HJU reader Carly Starkey lives in central PA with 2 dogs, 3 cats, a rabbit, and an OTTB. This spring she had an adventure-filled trip and shared it with us with the following note: “I know it’s pretty long, but I promise it’s worth the entire read if only to get to the end to make sure we all survived!”
The Trailering Trip from Hell
This spring, I scheduled a cross country schooling at Burgundy Hollow Farm in Northampton PA. It was my OTTB’s first real cross country schooling in preparation for his eventing debut the following month. I’ve been to Burgundy Hollow before without any trouble, but this turned out to be one of the worst trailering trips I have EVER had to anywhere..
Let us delve into the journey out and the journey back. I assure you, it will include high drama, the excessive use of tobacco products,possible fires, illegal activities, and our main feature will be a runaway truck ramp. If that doesn’t make you want to stick around for an undoubtedly long story, I don’t know what will!
Hubby and I roll out of the house at 7:30 to get to the barn by 8ish. Perfect. Our schooling is scheduled for 11:00 am so we’ll probably leave the barn just before 9 and we’ll be there right on time. Best laid plans, right? We pull into the barn drive and our travel companion Sarah is trotting out her horse Blackberry before bending down to grope his leg. Super! His leg isn’t warm, there’s no fluid, he’s not bothered by us poking it, but there’s a rather strange lump on his RF. Since he’s sound on it, she decides to take him anyway and see how he goes. Crisis one averted.
We get the boys wrapped and loaded up. No issues there, as expected. Hubby and I jump in the truck with the hounds, Sarah and her boyfriend jump in her car with their beagle, and away to the gas station down the road we go for a quick fill up in the truck. We pre-pay for $50 of gas and stand around the truck while Hubby puts gas in. Suddenly, Hubby says, “Oh, &%^$! There’s gas leaking from the bottom of the truck!” So Hubby quickly pulls the truck out of the way of the pump, cuts one of my water buckets in half, and shoves it under the gas tank that is pouring gas out of it. Being men, Hubby and Boyfriend crawl under the truck and find a hole in the gas tank. Mind you, this truck just had $1,500 worth of repairs done to it so it would be totally road-worthy. Clearly they missed this small detail. With not much choice, we wait until the gas stops leaking and high tail it back to the barn.
Get the ponies back in their stalls and ask Barn Owner (BO) if there’s anyway we can borrow her truck. “No problemo!” BO says. “Use my trailer, too, because the truck is extra, extra long and a bumper pull trailer will probably be a pain to haul. Just check the air in the trailer tires because one likes to go low.” Thanks, BO! Fastest truck and trailer switcheroo ever and the boys are back on and we’re headed to a different gas station for some air. We fill up the low tire and check the others. One looks like it’s got a bubble in it so Hubby lets out some air. All seems well and we’re finally back on the road! I call up the wonderful Michelle Casale – owner/operator of Burgundy Hollow – and tell her we’ll be an hour late.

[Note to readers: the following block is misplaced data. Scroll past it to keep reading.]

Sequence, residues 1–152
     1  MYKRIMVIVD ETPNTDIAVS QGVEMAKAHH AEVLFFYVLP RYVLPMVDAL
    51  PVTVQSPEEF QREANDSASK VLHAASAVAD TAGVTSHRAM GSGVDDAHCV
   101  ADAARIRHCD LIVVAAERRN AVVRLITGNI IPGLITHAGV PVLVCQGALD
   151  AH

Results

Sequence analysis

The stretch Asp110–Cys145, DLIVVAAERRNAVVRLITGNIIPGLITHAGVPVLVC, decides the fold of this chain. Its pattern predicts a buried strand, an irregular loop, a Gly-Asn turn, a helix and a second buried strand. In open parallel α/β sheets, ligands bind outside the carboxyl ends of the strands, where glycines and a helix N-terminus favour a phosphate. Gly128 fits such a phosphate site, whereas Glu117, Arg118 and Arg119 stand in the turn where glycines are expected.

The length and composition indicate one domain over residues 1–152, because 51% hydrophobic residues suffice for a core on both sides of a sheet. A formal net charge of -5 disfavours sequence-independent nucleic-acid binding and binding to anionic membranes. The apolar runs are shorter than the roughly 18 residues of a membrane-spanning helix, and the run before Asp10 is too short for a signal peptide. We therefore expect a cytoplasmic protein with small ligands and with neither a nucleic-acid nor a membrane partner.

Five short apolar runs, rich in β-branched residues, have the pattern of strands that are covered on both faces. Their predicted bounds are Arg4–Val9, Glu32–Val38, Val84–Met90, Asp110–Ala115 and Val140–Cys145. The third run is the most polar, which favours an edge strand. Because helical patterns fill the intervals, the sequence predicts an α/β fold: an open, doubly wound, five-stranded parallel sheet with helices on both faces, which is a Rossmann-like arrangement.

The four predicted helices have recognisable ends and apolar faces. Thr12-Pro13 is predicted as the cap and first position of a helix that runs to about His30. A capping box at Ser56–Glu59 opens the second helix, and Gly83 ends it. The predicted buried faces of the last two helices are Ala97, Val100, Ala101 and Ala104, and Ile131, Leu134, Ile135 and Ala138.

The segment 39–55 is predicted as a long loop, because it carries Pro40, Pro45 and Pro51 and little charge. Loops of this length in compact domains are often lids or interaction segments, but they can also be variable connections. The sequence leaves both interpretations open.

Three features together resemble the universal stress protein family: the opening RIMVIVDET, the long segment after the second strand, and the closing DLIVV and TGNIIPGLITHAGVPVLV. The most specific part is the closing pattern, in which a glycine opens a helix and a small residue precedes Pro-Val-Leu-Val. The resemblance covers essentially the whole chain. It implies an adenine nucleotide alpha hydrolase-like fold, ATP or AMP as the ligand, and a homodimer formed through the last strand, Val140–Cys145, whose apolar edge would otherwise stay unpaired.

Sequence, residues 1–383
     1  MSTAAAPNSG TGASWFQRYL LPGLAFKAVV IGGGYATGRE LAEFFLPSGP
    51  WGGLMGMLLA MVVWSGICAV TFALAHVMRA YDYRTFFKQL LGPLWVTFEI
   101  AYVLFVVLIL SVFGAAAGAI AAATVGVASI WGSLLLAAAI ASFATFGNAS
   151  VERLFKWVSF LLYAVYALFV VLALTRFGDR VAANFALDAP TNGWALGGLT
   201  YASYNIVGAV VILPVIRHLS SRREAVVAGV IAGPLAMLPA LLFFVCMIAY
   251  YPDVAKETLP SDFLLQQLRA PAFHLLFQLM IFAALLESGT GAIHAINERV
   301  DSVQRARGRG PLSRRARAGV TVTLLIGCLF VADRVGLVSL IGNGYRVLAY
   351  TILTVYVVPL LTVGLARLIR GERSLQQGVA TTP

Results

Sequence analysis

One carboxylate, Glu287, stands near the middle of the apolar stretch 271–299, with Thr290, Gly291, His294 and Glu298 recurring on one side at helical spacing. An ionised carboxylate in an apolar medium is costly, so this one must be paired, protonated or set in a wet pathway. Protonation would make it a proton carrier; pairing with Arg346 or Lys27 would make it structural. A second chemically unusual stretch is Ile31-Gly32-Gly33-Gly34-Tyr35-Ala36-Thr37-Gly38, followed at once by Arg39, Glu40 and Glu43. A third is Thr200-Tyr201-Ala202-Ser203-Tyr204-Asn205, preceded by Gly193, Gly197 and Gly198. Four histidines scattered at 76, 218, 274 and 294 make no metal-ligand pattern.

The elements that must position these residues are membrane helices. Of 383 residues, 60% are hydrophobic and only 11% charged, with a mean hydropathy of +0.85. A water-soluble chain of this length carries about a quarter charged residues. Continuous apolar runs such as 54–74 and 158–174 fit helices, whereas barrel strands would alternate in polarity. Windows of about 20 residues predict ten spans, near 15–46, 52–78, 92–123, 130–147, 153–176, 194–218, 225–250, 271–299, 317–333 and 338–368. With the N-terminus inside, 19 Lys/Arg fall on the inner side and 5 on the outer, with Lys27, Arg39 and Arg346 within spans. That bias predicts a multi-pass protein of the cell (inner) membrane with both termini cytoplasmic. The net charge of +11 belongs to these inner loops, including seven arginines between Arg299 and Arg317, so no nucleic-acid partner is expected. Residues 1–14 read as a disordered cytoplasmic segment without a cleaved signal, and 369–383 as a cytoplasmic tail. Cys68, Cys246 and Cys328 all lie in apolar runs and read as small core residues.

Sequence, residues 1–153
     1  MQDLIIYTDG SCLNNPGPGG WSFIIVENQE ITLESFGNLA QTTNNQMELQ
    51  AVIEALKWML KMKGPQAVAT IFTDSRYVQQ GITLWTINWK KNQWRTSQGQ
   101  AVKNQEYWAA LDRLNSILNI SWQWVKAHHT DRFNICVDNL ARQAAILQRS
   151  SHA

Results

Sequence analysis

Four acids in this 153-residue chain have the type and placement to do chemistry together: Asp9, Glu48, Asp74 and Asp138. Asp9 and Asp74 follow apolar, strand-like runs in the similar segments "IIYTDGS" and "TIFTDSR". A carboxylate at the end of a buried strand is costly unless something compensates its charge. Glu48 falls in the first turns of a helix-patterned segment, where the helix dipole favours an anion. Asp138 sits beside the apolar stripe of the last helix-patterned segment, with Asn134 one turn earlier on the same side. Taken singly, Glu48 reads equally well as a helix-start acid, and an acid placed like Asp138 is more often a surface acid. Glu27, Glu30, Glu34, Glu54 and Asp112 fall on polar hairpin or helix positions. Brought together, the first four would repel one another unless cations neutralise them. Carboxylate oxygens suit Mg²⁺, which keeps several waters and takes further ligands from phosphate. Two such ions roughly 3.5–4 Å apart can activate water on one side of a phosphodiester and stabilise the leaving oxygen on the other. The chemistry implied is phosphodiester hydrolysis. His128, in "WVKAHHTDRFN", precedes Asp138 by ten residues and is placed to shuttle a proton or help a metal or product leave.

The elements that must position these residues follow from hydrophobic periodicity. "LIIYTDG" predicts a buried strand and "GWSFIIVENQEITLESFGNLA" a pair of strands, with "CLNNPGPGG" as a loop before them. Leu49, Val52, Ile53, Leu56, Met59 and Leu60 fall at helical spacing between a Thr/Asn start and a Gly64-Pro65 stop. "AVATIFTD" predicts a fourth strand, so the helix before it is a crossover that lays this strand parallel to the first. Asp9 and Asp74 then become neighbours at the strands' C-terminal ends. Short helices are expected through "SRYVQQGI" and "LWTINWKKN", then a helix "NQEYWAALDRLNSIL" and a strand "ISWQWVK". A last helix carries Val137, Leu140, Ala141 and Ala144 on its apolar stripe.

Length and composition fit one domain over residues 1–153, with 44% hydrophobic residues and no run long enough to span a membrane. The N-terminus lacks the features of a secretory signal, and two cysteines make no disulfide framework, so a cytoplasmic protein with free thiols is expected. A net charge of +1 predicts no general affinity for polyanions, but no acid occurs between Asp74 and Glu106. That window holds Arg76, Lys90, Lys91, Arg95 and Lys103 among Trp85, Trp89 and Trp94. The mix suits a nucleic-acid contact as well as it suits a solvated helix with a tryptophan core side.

Now we reach the climax of our story. We’re going down the hill into Jim Thorpe on 93S, about to turn onto 209. This hill is a beast. It’s windey, it’s long, and it’s steep as hell. A good place for the trailer brakes to not work, right? And forget the truck brakes. They’re now billowing smoke out behind us as we go wheeling around a curve about to get to the stop sign that there’s no way we’re stopping at. So Hubby took advantage of the runaway truck ramp which THANK GOD was thick, heavy gravel and we slid to a stop.
Ponies are fine. It was, of course, the first thing I checked as soon as we were mostly stopped. Sarah comes running down after us and we all have a group panic attack. Sarah proceeds to suck down two cigarettes in a row and Hubby has his first cigarette in two years. We’re finally able to get it together long enough to move the truck off the ramp and onto the shoulder to wait for the brakes to cool down.
I call up Michelle again and give her the rundown, telling her to tack on another half an hour to our ETA. She tells us that her family lives in Jim Thorpe and if we need anything, just call her. Don’t worry about time, she’s there painting poles all day. Hubby and Boyfriend get the trailer brakes going again and Boyfriend gets in the truck with Hubby for manly moral support.
We finally pull in to the farm and let the boys get off to graze while we sit down with Michelle to get different directions home. Screw you, Jim Thorpe. We’ll never see the likes of you again!
So we head home after two hours of schooling and whatnot and get on I-80. Yay, for 80! A real road with no hills!
We’re about two exits from home when Sarah calls up from our rear. “Uhh, there’s rubber flying off the trailer tires.” Get off the exit which we were fortunately just passing and examine the damage. Blown out tire on the trailer -the tire that was bubbly when we left. Hubby has the tire off and switched in ten minutes flat and we get back on the road.
We stop at a gas station to top BO’s truck off and turn towards the last one mile to the barn. What can possibly go wrong at this point, right? We’re so close!! We hit a turkey. The barn drive is in sight and we hit a turkey! It didn’t do any damage to us as BO has a brush guard on the truck, but the turkey fared otherwise.
Needless to say, we were all happy to get the boys off the trailer, throw our tack in our lockers, and head home for some serious de-stressing. It must have been worth it (somehow) because the following month, Bobby and I went out and won our division.
Now, the next time you have a flat tire when you’re hustling to leave in the morning, just remember – things could be a lot worse!